Porsche Design meets IWC Schaffhausen
Things really started getting interesting for serious watch lovers, however, when Porsche Design entered into a design partnership with Swiss watchmaker, IWC Schaffhausen, in the late 1970s. At the time, the industry was still reeling from the profound and prolonged impact of the quartz crisis, which had already brought a number of big names to the verge of bankruptcy (and had pushed several more well and truly over the edge). A brand’s survival hinged on its ability to be creative and innovative, to prove the value of its products to its customers. It’s for this very reason that many consider IWC’s decision to partner with Porsche Design a turning point that helped the brand weather the storm that was pummelling so many of its peers.
Their marriage made perfect sense: Both companies were known for their focus on practicality and functionality, which is a nice way of saying they shared a very ‘German’ approach to design. Heavily influenced by the principles of Bauhaus theory, which emphasizes function over form, they would go on to create several co-branded models together, three of which we are highlighting here today.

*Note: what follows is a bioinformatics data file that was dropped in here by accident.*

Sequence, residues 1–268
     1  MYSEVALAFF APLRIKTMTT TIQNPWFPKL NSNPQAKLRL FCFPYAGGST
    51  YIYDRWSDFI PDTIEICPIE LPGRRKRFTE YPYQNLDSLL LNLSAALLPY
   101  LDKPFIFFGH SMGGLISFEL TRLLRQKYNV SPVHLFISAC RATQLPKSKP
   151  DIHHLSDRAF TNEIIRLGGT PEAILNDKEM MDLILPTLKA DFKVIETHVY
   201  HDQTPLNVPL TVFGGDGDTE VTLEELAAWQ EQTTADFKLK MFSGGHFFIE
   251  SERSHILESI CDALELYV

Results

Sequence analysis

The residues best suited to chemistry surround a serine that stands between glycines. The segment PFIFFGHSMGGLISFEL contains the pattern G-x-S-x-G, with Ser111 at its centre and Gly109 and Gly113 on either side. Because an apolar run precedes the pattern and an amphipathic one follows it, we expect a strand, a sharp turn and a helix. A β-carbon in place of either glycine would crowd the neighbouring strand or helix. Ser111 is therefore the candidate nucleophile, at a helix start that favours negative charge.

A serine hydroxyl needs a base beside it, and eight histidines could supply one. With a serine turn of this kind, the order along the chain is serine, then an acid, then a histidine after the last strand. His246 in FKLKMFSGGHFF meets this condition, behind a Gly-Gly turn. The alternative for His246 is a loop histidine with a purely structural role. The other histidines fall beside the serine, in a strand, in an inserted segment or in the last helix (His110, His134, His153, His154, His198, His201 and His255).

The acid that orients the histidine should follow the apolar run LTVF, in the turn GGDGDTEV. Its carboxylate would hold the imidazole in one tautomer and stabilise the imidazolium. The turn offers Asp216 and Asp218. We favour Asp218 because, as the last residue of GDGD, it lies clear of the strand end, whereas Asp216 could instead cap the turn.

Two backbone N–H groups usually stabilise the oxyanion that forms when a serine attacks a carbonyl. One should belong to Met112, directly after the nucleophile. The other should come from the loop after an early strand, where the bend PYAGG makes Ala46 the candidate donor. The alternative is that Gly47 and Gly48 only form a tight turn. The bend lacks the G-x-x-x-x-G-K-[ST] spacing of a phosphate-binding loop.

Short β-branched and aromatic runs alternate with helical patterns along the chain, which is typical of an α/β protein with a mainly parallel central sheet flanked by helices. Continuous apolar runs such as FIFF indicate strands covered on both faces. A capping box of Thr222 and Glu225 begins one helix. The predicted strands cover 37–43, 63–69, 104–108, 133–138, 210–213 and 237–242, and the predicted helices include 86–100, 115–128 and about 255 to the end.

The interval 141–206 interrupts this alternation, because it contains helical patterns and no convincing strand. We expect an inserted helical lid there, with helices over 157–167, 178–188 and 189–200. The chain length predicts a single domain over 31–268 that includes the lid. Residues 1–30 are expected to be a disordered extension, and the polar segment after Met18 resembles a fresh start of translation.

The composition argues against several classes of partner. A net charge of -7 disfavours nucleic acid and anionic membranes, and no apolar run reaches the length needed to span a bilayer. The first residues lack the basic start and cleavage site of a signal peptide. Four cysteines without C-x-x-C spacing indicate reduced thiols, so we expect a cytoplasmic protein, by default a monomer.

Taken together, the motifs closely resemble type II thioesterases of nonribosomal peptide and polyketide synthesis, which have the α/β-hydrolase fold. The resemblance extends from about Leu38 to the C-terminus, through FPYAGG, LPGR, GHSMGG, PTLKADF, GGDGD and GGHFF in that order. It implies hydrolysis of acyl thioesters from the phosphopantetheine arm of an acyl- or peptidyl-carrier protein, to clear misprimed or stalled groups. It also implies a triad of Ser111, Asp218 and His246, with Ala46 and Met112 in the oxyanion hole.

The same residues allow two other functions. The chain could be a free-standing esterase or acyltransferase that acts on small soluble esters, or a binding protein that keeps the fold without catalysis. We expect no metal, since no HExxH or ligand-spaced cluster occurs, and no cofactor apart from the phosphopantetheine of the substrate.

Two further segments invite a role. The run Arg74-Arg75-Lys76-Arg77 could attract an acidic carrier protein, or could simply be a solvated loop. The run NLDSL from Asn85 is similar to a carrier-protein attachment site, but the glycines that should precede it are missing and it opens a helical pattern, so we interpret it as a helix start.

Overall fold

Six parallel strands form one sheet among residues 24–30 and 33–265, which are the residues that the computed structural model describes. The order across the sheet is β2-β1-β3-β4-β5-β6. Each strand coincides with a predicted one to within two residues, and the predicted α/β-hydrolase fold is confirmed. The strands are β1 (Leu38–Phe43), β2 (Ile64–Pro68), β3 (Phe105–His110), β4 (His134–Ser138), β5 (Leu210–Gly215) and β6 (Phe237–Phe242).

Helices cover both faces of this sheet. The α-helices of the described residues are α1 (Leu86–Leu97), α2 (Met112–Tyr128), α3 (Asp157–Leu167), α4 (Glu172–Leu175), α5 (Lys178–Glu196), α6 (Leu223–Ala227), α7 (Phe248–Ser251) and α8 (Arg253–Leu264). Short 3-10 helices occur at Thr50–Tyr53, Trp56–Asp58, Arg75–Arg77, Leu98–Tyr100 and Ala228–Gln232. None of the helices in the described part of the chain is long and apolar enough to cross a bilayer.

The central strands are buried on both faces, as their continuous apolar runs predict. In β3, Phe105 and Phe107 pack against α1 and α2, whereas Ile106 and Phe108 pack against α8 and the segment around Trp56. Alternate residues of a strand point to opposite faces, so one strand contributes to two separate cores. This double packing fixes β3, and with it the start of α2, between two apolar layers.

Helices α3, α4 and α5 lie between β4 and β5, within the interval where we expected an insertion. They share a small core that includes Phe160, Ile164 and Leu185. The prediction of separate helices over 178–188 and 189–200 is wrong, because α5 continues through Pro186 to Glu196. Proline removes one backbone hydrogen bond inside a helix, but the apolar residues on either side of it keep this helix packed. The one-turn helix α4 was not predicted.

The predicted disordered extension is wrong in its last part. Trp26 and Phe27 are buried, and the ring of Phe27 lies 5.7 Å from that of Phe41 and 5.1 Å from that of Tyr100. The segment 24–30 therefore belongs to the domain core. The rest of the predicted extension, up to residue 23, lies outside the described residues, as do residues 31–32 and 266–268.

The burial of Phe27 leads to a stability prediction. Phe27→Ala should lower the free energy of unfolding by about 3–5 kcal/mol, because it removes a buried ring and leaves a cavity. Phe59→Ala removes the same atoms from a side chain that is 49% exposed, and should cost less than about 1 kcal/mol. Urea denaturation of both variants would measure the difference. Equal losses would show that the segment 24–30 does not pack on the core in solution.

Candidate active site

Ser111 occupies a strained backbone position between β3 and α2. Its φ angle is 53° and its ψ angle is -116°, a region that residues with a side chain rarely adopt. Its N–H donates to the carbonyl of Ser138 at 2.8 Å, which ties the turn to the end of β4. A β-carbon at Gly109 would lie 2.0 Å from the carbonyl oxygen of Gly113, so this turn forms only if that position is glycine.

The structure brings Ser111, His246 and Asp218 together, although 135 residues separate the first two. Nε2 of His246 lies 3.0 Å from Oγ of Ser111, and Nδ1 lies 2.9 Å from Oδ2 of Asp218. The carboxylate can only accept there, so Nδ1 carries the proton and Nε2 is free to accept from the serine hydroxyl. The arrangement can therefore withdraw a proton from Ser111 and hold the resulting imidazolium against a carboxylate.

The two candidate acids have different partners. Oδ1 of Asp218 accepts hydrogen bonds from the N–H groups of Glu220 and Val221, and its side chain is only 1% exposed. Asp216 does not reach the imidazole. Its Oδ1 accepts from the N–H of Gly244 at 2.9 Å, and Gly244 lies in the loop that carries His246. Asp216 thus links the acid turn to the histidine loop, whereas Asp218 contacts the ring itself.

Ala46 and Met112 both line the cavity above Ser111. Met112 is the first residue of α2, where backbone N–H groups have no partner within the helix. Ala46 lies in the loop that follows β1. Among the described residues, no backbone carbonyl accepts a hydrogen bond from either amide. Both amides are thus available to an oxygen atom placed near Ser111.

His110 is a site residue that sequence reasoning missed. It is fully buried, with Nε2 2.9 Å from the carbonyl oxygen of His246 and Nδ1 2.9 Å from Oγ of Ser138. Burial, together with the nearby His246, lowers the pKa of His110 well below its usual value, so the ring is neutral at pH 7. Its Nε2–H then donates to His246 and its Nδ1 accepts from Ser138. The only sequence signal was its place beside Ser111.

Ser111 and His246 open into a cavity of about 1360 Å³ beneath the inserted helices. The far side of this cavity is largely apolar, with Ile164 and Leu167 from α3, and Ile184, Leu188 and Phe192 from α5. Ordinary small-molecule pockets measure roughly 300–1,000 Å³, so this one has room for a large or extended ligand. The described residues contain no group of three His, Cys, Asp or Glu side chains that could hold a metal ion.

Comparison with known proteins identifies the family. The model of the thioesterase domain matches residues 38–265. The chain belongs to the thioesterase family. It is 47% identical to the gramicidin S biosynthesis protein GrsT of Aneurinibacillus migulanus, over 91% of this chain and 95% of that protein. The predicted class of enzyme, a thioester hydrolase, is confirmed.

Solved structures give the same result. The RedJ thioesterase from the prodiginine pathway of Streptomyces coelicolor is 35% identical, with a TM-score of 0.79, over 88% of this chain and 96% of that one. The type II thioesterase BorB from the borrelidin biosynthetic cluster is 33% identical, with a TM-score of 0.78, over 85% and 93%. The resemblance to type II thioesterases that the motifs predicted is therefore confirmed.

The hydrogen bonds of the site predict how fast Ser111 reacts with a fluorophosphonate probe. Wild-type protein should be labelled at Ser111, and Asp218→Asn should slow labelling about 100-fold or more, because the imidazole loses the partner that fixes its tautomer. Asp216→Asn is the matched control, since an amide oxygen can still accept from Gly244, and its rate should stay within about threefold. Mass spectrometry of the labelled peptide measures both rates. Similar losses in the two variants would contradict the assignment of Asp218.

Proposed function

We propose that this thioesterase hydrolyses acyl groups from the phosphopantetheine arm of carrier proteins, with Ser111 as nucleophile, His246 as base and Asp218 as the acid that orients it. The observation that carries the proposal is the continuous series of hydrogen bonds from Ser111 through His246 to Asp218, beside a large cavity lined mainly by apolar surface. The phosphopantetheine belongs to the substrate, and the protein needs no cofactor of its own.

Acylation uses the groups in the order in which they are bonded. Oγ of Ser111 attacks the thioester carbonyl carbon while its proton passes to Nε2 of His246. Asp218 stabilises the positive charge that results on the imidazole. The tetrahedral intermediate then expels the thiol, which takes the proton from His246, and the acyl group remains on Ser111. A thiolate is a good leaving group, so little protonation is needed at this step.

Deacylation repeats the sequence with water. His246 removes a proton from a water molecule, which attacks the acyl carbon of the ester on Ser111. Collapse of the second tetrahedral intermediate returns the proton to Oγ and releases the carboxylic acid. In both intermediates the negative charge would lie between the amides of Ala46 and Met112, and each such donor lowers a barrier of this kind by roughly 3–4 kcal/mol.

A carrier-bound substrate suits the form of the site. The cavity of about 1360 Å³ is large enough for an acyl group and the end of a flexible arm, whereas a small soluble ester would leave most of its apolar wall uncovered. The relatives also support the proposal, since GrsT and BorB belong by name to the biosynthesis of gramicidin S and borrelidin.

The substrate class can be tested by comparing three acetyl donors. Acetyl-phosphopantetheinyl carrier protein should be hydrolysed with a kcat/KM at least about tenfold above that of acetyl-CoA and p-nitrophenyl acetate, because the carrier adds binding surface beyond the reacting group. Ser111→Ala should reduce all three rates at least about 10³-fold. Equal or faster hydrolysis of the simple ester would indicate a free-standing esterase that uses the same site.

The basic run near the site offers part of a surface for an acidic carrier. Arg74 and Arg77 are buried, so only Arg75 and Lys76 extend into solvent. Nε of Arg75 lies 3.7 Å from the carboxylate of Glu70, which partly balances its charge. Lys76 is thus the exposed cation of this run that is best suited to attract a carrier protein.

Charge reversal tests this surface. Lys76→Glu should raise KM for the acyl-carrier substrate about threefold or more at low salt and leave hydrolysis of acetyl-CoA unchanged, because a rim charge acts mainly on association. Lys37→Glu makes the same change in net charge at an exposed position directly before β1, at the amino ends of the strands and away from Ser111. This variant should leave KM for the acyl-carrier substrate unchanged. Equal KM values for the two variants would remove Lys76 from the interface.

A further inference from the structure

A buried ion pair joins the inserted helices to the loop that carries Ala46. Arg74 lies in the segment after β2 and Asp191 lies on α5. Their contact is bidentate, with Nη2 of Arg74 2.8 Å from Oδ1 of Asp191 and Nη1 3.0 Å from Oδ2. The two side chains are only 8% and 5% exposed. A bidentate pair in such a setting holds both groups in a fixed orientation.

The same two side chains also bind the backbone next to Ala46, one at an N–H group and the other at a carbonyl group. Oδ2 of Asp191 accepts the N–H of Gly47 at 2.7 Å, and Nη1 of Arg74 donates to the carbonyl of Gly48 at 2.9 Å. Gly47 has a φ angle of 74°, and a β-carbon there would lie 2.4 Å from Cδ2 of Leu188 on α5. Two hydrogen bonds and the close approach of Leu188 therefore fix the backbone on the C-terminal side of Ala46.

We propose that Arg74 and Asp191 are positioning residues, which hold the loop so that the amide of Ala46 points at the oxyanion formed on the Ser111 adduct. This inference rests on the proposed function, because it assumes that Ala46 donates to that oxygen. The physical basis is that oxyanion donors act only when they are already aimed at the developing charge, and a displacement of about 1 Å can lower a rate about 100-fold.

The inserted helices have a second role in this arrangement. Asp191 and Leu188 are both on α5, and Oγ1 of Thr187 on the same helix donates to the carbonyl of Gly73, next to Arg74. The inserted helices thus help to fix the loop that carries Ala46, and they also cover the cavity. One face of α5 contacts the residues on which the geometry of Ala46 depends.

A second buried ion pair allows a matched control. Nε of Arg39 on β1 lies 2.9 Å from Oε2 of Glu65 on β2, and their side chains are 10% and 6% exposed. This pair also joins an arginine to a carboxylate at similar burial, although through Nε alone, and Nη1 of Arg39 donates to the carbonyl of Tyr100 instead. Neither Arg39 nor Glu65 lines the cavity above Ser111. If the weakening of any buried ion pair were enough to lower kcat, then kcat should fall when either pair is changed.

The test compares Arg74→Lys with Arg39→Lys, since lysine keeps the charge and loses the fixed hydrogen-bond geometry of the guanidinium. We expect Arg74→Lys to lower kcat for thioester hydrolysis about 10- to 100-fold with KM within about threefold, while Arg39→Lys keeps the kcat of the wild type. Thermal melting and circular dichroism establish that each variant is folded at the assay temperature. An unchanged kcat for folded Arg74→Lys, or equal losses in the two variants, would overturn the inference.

Porsche Design Compass Watch
First on our list is the Compass Watch, introduced in 1978. As you have probably already guessed from the name, this clever design incorporates a liquid-filled compass into the case, hidden away under the dial and movement. To the casual observer, it appeared you were just wearing a stylish, if slightly severe looking, Swiss-made watch that displayed the time and date in a very easy-to-read fashion. Of course, on the off-chance you happened to find yourself lost in the jungle, you could simply flip the top half of the case up and reveal the compass beneath.